Medicaid, the Blob that Ate the Budget

Medicaid, the blob that ate the budget

The Medicaid blob swallows all in its path.

Details on that runaway Medicaid budget…

Spending per Medicaid enrollee has been relatively flat the past five years, having increased less than 0.4% annually (adjusted for inflation) between FY 2011 and FY 2015. The cost driver has been enrollment, which increased 16.5% over the same period, according to a Joint Legislative Audit and Review Commission (JLARC) report, “Managing Spending in Virginia’s Medicaid Program.”

JLARC summarizes the consequences for Virginia’s General Fund budget:

Medicaid general fund spending has grown by an average of 8.9 percent annually over the past 10 years, while total general fund spending increased by just 1.3 percent. Medicaid spending comprised 22 percent of the general fund budget in FY16, increasing from 14 percent in FY07.

Chart source: JLARC

Chart source: JLARC

No wonder the Commonwealth can’t afford to give employees a pay raise and shore up their pension benefits (see previous post).

But there is potentially good news. The state still has room to squeeze costs by as much as $40 million per year.

In FY16, Virginia could have saved $17–36 million by not paying [Managed Care Organizations] for the inefficient provision of services. [Medicaid] also does not adjust administrative spending for enrollment increases, and these adjustments would have reduced spending by as much as $8 million in FY16.

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7 responses to “Medicaid, the Blob that Ate the Budget

  1. important to understand where the money goes –

    then the question is where would you want to cut…

    don’t blame the Feds – these are Virginia citizens whom Virginia has to decide if they will be financially responsible for.. or not…

    As boomers age – we’re going to see more and more going into nursing homes in their final years – or we could just leave them in their homes and apartments and keep Medicaid costs down.

    It’s a terrible quandary – no question – but it’s cowardly and dishonest to pretend that this is something being imposed on Virginia by the Feds..

    • Who, exactly, is “pretending that this is something being imposed on Virginia by the Feds”?

      • well you got me! you’re being more careful in your tomes !

        but you still “blame” MedicAid like it’s forcing Va to pay for it!

        • I don’t even know what that means! My point all along has been that Medicaid is an expensive entitlement, it costs Virginia a lot of money, and Virginia should be reticent about expanding a program that is crowding out other schools, public safety and other types of General Fund spending.

          • well – it’s Virginia’s own citizens and what would you recommend – that we kick the elderly out of nursing homes or turn kids away from doctors or what?

            we’re all the time talking about how to reduce health care costs – and this is Virginia’s opportunity to walk the walk.

            Managed care and portable medical records could be a good start but the big costs are on the elderly, handicapped, nursing home side.. calling this “entitlement” sounds like it’s discretionary…that we can’t afford it…

            geeze 3/4 of our Virginia budget is education , health care and prisons.. don’t count Transportation – it’s primarily funded from dedicated taxes not general revenues.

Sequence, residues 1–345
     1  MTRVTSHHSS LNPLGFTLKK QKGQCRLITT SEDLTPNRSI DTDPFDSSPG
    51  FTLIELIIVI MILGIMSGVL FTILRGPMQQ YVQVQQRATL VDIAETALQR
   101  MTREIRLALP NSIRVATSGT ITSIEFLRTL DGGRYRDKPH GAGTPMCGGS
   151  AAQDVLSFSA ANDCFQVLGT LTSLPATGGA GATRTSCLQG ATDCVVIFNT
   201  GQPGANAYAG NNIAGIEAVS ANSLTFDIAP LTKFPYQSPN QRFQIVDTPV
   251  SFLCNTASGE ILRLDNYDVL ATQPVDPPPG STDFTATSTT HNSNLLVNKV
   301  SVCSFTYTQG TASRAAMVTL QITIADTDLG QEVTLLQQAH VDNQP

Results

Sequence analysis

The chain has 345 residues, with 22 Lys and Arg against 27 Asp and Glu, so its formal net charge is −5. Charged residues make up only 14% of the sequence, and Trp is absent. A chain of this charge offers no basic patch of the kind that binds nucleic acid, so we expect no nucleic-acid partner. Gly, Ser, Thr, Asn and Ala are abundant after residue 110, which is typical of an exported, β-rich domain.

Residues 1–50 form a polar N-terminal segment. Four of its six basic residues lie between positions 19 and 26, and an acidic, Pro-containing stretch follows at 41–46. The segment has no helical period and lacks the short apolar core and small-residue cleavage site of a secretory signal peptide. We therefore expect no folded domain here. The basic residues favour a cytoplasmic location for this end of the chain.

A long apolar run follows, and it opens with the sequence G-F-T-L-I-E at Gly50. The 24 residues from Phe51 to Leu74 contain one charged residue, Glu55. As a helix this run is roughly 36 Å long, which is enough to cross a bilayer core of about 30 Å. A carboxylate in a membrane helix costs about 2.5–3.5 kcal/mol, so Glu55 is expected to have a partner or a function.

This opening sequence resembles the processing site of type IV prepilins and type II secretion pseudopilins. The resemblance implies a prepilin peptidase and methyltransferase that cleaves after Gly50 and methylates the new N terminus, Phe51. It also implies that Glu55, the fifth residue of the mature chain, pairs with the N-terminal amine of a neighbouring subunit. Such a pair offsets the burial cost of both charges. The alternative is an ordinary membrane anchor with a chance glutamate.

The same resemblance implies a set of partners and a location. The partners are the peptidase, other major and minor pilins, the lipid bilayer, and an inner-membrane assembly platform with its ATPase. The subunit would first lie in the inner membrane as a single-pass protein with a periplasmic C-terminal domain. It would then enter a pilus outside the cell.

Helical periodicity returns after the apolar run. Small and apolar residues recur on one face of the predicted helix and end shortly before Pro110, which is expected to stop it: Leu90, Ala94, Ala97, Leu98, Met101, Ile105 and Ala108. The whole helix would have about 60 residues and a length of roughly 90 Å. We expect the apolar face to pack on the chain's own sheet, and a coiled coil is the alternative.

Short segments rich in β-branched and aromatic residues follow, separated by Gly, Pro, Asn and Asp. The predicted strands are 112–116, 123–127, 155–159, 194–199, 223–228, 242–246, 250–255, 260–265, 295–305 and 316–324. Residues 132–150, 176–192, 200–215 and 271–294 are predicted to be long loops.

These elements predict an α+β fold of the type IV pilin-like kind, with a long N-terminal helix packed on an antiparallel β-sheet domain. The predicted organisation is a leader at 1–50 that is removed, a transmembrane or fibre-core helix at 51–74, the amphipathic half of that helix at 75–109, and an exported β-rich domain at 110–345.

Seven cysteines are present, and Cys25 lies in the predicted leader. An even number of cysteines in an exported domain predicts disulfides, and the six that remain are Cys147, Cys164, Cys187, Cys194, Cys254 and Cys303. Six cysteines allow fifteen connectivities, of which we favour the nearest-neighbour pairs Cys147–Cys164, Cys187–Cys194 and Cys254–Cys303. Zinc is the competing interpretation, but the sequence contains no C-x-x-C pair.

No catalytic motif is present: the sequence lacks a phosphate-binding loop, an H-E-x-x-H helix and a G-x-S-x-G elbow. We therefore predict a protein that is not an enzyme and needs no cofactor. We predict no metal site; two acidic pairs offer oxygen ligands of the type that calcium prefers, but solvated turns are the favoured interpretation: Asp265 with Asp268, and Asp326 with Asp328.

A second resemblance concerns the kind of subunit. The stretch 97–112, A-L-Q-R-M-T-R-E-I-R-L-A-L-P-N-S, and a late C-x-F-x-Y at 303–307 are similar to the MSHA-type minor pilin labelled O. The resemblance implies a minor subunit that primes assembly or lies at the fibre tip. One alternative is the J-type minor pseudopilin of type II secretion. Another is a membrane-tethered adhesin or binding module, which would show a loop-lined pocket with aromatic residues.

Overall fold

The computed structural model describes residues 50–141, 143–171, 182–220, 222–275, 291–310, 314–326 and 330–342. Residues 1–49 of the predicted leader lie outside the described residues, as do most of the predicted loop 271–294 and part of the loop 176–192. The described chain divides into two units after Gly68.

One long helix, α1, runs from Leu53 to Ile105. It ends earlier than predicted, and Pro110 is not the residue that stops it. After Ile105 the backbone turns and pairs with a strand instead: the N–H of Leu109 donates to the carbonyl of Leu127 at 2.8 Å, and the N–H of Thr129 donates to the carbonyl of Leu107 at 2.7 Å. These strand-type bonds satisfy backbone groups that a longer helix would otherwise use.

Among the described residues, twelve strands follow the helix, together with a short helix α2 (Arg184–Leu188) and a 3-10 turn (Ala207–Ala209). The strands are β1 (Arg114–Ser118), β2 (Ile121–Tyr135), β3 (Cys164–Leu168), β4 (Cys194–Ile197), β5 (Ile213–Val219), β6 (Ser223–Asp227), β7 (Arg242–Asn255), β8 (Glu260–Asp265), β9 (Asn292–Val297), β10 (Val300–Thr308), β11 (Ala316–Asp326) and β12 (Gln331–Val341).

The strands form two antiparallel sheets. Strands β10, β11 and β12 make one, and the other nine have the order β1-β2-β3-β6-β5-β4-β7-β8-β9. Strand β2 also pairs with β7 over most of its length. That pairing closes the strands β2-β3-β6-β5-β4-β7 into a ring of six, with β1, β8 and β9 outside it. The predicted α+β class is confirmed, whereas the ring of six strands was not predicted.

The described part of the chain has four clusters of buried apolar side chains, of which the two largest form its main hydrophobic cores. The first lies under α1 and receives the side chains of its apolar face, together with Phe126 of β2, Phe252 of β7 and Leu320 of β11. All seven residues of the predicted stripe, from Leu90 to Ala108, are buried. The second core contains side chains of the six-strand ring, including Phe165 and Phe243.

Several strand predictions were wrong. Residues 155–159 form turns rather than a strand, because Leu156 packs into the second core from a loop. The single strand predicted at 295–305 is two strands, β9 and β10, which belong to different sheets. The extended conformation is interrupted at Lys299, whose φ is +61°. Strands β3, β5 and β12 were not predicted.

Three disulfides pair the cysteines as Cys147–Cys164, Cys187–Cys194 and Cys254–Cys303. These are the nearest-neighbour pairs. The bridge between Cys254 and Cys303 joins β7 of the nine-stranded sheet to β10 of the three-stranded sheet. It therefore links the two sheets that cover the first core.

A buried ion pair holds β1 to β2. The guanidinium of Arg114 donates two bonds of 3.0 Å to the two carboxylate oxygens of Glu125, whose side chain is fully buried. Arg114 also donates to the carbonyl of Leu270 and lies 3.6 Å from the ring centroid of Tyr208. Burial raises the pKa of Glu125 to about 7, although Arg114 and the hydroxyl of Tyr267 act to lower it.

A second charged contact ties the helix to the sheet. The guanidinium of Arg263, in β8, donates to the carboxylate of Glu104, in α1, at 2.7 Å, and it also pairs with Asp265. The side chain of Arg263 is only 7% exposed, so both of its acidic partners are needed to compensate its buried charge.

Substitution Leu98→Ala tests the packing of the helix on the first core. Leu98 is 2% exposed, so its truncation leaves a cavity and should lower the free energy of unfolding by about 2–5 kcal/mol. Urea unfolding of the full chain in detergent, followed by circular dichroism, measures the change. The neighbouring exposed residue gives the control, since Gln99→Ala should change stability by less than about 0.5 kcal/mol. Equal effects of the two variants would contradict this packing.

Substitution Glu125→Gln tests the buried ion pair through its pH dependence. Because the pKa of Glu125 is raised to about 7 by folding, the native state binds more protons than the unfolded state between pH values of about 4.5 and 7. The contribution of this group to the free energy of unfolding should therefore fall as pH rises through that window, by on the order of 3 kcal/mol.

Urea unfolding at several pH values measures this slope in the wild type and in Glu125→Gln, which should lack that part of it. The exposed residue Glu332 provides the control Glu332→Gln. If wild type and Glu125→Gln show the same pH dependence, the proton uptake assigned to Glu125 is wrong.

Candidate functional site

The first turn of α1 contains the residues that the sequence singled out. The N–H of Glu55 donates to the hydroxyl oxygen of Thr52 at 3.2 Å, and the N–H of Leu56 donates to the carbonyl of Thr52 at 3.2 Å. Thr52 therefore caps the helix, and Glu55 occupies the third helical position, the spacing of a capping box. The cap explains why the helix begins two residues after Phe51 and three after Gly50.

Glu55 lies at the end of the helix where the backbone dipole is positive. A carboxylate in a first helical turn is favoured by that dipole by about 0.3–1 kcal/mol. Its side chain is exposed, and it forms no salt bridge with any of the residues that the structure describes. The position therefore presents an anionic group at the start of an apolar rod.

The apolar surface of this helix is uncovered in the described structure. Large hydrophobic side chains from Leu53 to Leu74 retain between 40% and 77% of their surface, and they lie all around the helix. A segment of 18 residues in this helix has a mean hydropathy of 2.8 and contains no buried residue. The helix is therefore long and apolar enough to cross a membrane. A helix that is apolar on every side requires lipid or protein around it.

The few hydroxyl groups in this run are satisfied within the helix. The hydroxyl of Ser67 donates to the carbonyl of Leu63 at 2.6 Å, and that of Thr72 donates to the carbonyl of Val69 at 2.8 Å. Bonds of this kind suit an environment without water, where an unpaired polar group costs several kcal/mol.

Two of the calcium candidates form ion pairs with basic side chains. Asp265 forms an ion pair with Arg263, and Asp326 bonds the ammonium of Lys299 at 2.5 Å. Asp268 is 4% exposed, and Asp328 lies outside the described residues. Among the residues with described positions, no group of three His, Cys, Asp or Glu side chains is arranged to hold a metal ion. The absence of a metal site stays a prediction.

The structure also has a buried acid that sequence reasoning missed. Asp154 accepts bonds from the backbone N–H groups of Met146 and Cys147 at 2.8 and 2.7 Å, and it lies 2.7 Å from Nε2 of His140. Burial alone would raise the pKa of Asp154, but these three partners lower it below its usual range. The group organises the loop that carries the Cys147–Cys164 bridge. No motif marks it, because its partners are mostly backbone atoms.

2. Are they truly disabled? I’ve seen people in disabled cars that I have no idea why they are disabled. Don’t go on about ‘invisible’ disabilities. I know people with them and they don’t have handicapped plates, etc.

  3. Report recommends that Va. consider cap on profits for insurance companies managing care in Medicaid program

    ” enrollment in Virginia’s Medicaid program, which served 937,000 people in 2015. The program served about 650,000 in fiscal 2006.

    However, most of the costs in the $9 billion program arise from spending on long-term care for elderly and disabled people, who account for less than a third of the Medicaid population.

    JLARC staff said the state could save money by tightening eligibility for the program, which already is one of the most restrictive in the country.

    The state also could save money by requiring high-income families to share in the cost of long-term care, such as nursing homes. Currently, family income isn’t considered because Virginia treats applicants as a “family of one.”

    So a LOT of the escalating costs are due to people who either did not save enough for their retirement.

    Isn’t this the reason why we need to have a mandate for insurance and retirement? This is what happens when people don’t do that – and taxpayers end up with those costs.

    The way that Virginia treats ownership of a home needs to be looked at. harder It’s entirely wrong for the state taxpayers to be bearing these escalating MedicAid costs as a result of people who own 500K homes but did not save for their care and want to keep their house to give to their kids and let taxpayers pay for their care.

    we need to take a harder line on this. Taxpayers are essentially funding inheritances … One way to do this is to require for the folks who have homes to get reverse mortgages on them to pay for the nursing home – and whatever is left, if any, goes to the heirs. It’s the height of avarice for people to spend their whole lives acquiring wealth to then want taxpayers to help them preserve it by covering their expenses.

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